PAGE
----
PWC has a 1 MW solar farm that has provided renewable energy since 2019. PWC will be expanding its solar generation, with three additional farms planned. PWC also has 2 MW of battery storage at BWGP. Batteries are deployed during peak usage to reduce demand on the electrical system and ultimately lower PWC power supply costs.
Beginning in 2009, PWC began a program to rebuild or upgrade all of its existing substations, targeting completion of one or two substations per year. These substations are designed as Smart Substations, equipped with state-of-the-art microprocessor-based protective relays, automation, and controls.
By the end of 2020 all three Points-of-Delivery were completed with the replacement of the 230 kV power circuit breakers and upgrading of all the protective relays, automation, and control systems. By the end of FY2023, 14 substations under this program have been completed with another two slated for completion in FY2024. Over the last 14 years, 15 substations have had new state-of-the art main power transformers installed. Design work on additional upgrades, rebuilds and new facilities are underway and consistent with PWC’s 5-year budget plan.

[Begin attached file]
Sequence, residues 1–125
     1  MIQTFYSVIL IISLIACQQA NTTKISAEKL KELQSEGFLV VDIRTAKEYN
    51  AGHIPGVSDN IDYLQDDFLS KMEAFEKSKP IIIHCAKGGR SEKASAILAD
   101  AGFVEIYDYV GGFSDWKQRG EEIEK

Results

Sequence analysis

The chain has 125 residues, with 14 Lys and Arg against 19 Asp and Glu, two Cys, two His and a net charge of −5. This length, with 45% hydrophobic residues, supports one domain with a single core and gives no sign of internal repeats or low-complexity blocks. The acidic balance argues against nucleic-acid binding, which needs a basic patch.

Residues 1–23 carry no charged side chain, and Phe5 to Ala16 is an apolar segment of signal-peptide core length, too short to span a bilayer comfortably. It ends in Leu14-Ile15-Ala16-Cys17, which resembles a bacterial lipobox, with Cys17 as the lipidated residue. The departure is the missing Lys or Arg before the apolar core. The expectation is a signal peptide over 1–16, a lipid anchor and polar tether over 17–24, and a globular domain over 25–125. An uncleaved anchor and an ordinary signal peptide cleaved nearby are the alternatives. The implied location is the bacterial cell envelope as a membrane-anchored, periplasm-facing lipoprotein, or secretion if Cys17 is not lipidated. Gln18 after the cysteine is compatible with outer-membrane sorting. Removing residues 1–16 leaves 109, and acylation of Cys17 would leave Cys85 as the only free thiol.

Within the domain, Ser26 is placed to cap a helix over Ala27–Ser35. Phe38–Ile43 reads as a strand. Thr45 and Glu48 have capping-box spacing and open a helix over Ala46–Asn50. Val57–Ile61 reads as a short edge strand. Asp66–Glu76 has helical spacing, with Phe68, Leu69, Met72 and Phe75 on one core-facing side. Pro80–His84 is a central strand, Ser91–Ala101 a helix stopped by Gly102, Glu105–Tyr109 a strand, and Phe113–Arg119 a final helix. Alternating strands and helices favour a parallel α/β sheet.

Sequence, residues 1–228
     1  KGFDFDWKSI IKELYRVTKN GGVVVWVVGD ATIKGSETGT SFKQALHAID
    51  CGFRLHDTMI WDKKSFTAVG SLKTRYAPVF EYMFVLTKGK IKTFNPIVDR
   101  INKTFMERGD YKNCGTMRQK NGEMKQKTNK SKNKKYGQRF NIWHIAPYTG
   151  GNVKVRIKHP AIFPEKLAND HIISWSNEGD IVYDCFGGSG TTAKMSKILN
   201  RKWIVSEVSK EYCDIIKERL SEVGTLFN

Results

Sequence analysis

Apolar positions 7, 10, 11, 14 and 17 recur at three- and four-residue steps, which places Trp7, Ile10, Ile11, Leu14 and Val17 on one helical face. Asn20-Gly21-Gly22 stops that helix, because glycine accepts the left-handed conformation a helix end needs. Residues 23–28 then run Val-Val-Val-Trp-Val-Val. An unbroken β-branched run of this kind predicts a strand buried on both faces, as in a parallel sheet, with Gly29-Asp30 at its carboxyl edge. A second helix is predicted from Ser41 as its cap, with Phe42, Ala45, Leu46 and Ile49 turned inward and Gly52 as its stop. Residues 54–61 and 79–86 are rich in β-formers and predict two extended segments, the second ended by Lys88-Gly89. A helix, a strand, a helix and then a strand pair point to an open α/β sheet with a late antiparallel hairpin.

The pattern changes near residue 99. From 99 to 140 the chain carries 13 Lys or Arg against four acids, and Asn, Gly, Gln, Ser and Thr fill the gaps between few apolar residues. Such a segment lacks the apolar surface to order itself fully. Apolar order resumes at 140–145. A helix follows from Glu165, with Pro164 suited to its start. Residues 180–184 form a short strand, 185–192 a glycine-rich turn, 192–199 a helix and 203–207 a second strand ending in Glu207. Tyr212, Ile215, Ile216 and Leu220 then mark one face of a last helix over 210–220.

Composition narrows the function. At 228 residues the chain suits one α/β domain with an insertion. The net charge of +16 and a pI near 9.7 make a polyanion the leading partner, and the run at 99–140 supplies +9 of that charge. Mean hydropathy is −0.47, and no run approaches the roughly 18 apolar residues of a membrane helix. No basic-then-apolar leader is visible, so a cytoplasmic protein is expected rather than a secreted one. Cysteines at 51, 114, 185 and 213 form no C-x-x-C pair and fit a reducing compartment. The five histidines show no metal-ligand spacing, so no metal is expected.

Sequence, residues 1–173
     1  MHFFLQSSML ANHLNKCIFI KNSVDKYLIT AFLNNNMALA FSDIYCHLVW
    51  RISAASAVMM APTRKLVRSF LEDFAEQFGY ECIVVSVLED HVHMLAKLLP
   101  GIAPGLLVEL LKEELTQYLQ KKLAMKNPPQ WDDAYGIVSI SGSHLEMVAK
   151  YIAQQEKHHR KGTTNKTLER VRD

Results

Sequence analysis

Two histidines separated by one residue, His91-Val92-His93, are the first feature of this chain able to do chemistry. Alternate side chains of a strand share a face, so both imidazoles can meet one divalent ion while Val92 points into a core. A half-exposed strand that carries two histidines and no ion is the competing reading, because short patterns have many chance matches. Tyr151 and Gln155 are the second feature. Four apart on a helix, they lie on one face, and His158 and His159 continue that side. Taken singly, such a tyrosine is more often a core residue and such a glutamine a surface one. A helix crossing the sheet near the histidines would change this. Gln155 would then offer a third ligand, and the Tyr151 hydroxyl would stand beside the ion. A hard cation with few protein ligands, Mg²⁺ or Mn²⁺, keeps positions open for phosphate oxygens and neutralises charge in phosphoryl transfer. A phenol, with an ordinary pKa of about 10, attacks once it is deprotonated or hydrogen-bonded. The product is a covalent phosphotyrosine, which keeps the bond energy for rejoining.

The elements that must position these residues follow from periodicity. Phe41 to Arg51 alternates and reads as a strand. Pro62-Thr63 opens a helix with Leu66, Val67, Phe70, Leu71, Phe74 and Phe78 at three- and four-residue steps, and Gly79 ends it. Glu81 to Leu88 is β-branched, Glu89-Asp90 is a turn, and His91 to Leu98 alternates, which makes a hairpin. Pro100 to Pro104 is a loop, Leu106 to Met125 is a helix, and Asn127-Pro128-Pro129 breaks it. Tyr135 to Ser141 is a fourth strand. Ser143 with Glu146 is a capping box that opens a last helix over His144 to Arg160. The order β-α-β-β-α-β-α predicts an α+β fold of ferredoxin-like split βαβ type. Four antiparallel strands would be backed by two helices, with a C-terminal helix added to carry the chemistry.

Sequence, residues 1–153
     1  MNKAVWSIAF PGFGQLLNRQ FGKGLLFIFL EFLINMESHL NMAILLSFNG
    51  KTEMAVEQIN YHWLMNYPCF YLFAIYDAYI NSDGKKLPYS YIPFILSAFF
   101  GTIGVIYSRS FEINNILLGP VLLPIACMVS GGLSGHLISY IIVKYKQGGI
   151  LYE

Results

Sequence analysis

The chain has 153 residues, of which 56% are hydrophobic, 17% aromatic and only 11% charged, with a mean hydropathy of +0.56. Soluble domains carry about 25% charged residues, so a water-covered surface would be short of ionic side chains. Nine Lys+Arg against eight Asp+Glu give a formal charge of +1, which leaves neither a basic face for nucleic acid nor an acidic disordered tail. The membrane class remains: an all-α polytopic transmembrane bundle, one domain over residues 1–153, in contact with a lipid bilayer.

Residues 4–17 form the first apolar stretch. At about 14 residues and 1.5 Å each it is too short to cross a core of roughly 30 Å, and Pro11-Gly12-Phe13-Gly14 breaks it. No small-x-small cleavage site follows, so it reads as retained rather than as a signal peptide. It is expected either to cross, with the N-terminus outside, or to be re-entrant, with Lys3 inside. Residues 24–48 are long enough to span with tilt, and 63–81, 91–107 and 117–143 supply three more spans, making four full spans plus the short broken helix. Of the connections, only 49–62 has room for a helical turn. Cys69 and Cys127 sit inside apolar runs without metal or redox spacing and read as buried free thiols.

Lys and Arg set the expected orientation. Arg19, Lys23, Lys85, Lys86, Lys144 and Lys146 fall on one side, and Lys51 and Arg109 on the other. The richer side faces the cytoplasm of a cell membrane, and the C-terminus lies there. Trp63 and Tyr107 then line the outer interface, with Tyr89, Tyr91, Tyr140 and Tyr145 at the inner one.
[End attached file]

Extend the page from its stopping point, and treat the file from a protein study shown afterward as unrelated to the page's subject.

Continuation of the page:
In 2014, PWC began replacing conventional street lighting with light emitting diode (LED) street lighting. We currently have 25,011 street lights and have replaced 100% of them. In 2018, PWC began its area light replacement program. We currently have 12,841 area lights. To date, we have replaced 100% of them. Thoroughfare lighting is also being changed to LED and brought up to the national IES lighting standards. To date, this project is 97% complete with minor additions continuing.
Power is received from DEP at 230,000 volts and transformed to 66,000 volts. Transmission of electric power to substations is accomplished by more than 120 circuit miles of 69 kV lines, and serves a total of over 80,000 electric customers, including 37 industrial customers, among which is the state’s largest manufacturing plant, Goodyear Tire & Rubber.
American Public Power Association’s E.F. Scattergood System Achievement Award
American Public Power Association Reliable Public Power Provider (RP3) Diamond Level
American Public Power Association Certificate of Excellence in Reliability
American Public Power Association Smart Energy Provider (SEP) Award
American Public Power Association Demonstration of Energy & Efficiency Development (DEED) Energy Innovator Award